DSCN0997I like to use atlases and maps while the kids are doing map work.  This way, they are learning to use reference books and are not relying on me to point to each spot they need to find.  Saves my sanity and helps them learn more. 

    After Levi wrote out all the state abbreviations for his map, his hand was getting tired.  I used clear tape with the label maker so he could finish the map and label the ports of entry timely and without tears. 

    Luke, on the other hand, needs to practice copying and labeling more.  I wrote the names of the ports on a dry erase board and he copied them to his map.  Quite a colorful map, don’t you think?

    My recommendations and thoughts:  While I do think that this is a great family activity (with younger kids finishing before the big kids), it could easily be handed to a student who is a good reader.  Provide them with a variety of historical atlases and have them complete the directions independently.  You can then check it against the teacher’s map and grade it.   I will probably do this with some of Ben's geography work this fall (8th grade), because he needs practice using references and researching.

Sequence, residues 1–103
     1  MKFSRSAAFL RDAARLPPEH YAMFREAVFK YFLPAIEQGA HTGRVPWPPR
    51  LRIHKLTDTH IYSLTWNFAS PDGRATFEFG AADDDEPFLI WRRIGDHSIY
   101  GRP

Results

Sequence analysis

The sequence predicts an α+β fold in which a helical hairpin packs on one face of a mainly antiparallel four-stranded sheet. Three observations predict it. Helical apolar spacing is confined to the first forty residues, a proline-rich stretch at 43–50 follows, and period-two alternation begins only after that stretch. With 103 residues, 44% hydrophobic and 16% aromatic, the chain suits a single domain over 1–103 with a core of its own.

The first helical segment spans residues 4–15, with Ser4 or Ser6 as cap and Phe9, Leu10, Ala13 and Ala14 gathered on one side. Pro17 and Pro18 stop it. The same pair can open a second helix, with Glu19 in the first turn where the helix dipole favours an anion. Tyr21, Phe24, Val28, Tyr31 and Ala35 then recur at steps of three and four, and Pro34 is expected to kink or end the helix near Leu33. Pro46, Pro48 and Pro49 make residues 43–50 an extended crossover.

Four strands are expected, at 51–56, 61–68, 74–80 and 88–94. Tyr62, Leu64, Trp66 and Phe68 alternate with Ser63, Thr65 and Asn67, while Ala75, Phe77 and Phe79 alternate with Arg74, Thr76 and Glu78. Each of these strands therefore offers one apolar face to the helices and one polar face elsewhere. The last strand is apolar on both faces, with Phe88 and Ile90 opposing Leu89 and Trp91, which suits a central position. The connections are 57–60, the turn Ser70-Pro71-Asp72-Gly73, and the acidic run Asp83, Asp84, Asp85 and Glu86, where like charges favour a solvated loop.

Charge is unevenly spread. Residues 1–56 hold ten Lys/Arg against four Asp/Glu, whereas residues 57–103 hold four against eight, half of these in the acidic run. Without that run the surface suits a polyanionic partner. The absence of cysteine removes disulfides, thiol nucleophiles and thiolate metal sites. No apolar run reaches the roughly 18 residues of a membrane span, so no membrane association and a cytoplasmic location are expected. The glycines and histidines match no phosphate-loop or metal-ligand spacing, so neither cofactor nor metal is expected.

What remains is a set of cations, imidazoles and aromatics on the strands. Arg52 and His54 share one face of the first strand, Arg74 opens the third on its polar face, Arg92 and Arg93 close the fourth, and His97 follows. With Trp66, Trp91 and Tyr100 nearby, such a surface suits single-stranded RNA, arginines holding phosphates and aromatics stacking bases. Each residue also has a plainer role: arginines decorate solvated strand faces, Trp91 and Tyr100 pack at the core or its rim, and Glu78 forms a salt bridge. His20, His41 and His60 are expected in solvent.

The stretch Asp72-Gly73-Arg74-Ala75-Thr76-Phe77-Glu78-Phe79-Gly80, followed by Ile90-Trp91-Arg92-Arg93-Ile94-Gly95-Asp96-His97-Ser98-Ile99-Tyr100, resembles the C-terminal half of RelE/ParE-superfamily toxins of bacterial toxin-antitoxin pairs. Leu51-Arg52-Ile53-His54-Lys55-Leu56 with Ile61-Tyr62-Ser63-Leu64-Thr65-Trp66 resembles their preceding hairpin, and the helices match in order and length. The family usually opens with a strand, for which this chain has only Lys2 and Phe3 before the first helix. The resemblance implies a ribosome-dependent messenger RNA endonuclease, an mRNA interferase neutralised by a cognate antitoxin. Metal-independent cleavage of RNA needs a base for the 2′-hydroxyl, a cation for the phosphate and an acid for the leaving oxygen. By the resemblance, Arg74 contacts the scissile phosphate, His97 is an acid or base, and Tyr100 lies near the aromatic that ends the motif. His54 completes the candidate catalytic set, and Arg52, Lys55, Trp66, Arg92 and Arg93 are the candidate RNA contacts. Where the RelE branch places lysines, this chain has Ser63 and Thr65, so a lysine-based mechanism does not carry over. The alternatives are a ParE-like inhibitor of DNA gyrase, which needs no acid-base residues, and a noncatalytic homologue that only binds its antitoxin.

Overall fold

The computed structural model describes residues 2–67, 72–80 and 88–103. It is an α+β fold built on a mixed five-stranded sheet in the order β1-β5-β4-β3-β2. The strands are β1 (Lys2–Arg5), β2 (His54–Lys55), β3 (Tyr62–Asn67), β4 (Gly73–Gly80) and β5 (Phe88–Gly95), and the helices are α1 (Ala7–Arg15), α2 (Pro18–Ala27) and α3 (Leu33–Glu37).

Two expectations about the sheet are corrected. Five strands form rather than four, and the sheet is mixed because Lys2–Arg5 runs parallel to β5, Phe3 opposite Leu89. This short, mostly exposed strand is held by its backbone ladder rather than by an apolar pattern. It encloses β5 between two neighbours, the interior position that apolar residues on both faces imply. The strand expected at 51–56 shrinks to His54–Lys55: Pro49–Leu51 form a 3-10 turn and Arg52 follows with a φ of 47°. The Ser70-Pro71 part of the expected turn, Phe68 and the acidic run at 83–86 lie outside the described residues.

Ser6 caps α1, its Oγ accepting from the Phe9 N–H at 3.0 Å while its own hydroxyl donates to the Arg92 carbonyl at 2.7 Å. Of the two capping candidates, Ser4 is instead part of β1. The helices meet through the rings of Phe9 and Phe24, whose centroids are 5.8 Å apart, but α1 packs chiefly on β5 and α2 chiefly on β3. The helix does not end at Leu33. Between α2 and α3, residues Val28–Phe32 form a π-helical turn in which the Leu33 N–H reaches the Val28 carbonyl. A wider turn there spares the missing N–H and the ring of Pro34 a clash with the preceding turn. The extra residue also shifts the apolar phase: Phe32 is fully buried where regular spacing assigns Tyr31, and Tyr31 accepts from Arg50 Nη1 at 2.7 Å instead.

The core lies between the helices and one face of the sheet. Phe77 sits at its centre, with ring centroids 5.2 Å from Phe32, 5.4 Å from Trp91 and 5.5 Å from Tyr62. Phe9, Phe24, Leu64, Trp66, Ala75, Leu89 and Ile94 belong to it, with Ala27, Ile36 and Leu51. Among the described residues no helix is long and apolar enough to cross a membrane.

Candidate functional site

I highly recommend this set of maps.  You can use them with a wide variety of history curriculum.  You can download samples (opens in a pdf file). Don’t forget to see what other reviewers thought of this product AND Knowledge Quest’s Time Maps.


    Disclaimer: As a member of the TOS Crew, I received this product, at no cost to me, in exchange for my honest review. All opinions are mine.

    Wednesday, July 11, 2012

    Vacation Post #4: "Are We There Yet?" or What To Do In The Car

    I love, love, love driving vacations.  I love packing the car and making a place for everything (I'm weird, I know).  I love the anticipation of the drive.  I love the scenery as we drive through the US.  And, believe it or not, I don't mind the "Are we there yet?" questions.  Usually.

    When the question isn't excessive (my boys are usually pretty good), I think it shows a healthly amount of anticipation for the next part of the trip.  Since kids can have a pretty strange sense of the passage of time, I like to think of it as "training" in how long an hour (or two) really is.